Figure 7. Spectra measured with Specim SWIR camera related to the selections averaged. Green indicates the Weldlite, red the Würth, and blue the Pentisol oil. The yellow spectra can be considered the reference as they are only related to the metal without being spoiled by any type of oil.
Figure 8. Spectra measured with Specim SWIR camera related to the selections averaged. Green indicates the Weldlite, pink the Würth, and blue the Pentisol oil. The orange spectra can be considered the reference as they are only related to the fabric without being spoiled by any type of oil.

In combination with a PCA, a Partial Least Square–Discriminant Analysis (PLS-DA) was carried out to evaluate the sorting performance of the SWIR camera (see Fig 9.). Based on the results, Würth and Pentisol oils can be detected from both metal and fabric surfaces and sorted from each other with the Specim SWIR camera. The Weltlite oil can be detected on fabrics, but it cannot be detected in a reliable manner on metal.

It is noteworthy that, even though all the oils were applied to very restricted areas of the samples, the Weltlite oil has spread extensively on the fabric.

Figure 9: Left: false representation of the PCA by assigning PC1 to the red band, PC2 to green, and PC3 to blue; Right: PLS-DA model prediction.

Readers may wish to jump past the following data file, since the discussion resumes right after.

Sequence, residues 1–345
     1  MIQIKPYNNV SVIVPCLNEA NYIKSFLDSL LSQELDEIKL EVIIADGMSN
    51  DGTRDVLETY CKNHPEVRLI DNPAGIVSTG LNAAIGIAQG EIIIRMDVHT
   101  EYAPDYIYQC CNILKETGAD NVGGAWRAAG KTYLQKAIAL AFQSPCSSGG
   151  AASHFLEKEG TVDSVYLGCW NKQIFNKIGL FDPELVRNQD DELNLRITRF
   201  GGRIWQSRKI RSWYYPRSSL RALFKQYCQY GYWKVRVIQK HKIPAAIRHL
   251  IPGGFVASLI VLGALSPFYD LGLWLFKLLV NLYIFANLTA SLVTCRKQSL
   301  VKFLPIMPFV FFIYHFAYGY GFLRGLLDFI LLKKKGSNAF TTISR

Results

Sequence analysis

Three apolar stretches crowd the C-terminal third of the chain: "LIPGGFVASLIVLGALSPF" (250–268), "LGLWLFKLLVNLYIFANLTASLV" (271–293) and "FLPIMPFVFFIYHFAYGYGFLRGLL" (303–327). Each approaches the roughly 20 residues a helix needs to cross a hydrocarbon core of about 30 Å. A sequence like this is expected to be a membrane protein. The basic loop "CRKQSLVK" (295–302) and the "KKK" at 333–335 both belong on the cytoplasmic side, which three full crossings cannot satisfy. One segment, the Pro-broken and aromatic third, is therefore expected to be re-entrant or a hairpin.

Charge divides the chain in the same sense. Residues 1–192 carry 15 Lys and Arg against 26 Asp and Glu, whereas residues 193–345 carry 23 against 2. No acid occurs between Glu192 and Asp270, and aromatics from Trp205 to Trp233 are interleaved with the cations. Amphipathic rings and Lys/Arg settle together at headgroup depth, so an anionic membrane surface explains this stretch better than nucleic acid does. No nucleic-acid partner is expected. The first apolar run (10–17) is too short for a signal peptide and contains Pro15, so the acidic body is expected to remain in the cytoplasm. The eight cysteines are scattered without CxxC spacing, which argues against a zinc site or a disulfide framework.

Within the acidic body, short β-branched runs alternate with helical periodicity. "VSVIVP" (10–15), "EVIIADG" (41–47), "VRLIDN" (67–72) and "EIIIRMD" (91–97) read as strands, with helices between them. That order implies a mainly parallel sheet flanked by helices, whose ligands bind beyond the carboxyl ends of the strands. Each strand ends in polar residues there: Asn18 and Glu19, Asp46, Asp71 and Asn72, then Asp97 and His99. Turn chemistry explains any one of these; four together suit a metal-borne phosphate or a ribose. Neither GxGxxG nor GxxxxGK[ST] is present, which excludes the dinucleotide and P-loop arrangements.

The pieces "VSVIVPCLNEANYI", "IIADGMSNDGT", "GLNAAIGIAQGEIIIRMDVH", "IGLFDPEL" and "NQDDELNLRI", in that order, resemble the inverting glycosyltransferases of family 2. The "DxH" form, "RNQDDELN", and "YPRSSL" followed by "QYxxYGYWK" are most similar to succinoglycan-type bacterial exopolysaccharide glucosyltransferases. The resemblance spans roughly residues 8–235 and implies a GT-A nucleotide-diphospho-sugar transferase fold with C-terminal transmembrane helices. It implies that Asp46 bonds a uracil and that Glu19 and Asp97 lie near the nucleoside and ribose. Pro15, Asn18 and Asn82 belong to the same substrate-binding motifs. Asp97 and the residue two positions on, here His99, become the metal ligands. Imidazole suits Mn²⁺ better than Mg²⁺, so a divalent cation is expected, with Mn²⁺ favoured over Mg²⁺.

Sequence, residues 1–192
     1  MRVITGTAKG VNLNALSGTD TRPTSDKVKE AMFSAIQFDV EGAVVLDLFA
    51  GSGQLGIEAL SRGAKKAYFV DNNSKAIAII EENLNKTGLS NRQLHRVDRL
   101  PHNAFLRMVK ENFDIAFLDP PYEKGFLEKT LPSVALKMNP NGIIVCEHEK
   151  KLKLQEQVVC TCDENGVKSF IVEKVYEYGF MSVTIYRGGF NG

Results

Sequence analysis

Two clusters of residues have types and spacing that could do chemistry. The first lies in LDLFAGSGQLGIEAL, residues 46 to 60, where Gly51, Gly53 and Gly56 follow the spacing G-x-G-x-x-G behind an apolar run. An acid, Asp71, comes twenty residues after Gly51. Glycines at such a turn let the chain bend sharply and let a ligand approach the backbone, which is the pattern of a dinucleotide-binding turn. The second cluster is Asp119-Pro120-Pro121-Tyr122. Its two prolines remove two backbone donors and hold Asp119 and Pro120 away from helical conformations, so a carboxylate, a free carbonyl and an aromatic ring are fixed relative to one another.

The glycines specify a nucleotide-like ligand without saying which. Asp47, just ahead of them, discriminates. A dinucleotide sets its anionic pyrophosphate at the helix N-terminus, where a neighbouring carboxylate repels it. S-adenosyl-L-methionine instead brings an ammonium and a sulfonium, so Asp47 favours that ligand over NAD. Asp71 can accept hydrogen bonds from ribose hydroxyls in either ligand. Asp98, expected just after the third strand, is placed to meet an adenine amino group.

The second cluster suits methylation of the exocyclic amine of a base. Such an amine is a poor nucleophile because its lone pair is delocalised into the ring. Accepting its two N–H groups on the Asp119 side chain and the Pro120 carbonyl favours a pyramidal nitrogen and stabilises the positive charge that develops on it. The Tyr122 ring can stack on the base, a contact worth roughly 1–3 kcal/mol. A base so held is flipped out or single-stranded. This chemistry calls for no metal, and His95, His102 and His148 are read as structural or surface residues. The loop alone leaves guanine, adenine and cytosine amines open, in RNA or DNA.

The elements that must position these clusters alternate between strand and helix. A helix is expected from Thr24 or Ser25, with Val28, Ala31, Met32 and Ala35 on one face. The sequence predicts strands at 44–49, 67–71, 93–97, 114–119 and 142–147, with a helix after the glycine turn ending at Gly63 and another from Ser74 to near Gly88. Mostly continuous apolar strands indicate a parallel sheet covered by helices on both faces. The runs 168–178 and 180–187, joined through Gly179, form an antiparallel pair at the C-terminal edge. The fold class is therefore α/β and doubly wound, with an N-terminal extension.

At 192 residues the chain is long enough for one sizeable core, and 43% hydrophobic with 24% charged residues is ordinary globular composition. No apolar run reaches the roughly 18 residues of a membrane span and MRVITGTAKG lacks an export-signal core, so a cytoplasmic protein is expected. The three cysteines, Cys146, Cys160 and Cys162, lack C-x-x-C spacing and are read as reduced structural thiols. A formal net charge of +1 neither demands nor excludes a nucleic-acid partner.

Specim FX50 camera

The Specim FX50 camera covers the 2700 – 5300 nm spectral range. These wavelengths are part of the thermal range, so-called MWIR. The FX50 is very suitable for sorting different types of polymers, regardless of their color – even black ones.

The results show that the FX50 can detect all three different types of oils both on the metal and the fabric surface. FX50 can detect even tiny droplets of oil. The test shows powerful oil absorption between the 3300 and 3500 nm spectral range (Fig 11. and 12.).

Figure 10: false RGB image of the samples with selections.
Figure 11. Spectra measured with Specim SWIR camera related to the selections averaged. Green indicates the Weldlite, red the Würth, and blue the Pentisol oil. The yellow spectra can be considered the reference as they are only related to the metal without being spoiled by any type of oil.
Figure 12. Spectra measured with Specim SWIR camera related to the selections averaged. Green indicates the Weldlite, red the Würth, and blue the Pentisol oil. The yellow spectra can be considered the reference as they are only related to the metal without being spoiled by any type of oil.

In addition to the PCA, a PLS-DA modeling was built to assess the sorting performance of the Specim FX50 camera. As can be seen in figure 13., all three types of oils can be detected from both metal and fabric surfaces and sorted from each other with the Specim FX50 camera.

Figure 13: Left: false representation of the PCA by assigning PC1 to the red band, PC2 to green, and PC3 to blue; Right: PLS-DA model prediction.

Conclusion
Based on the analysis, we can conclude that the Specim FX50 is the best camera to detect oils from their surface. With FX50, you can also sort different oil types from each other.

Disclaimer
Specim, Spectral Imaging Ltd., made this technical note for general guidance only. We keep all the rights to modify the content.

Glossary
PC = principal component
PCA = principal component analysis
SWIR = short waves infrared
MWIR = Mid waves infrared
PLS-DA = partial least square – discriminant analysis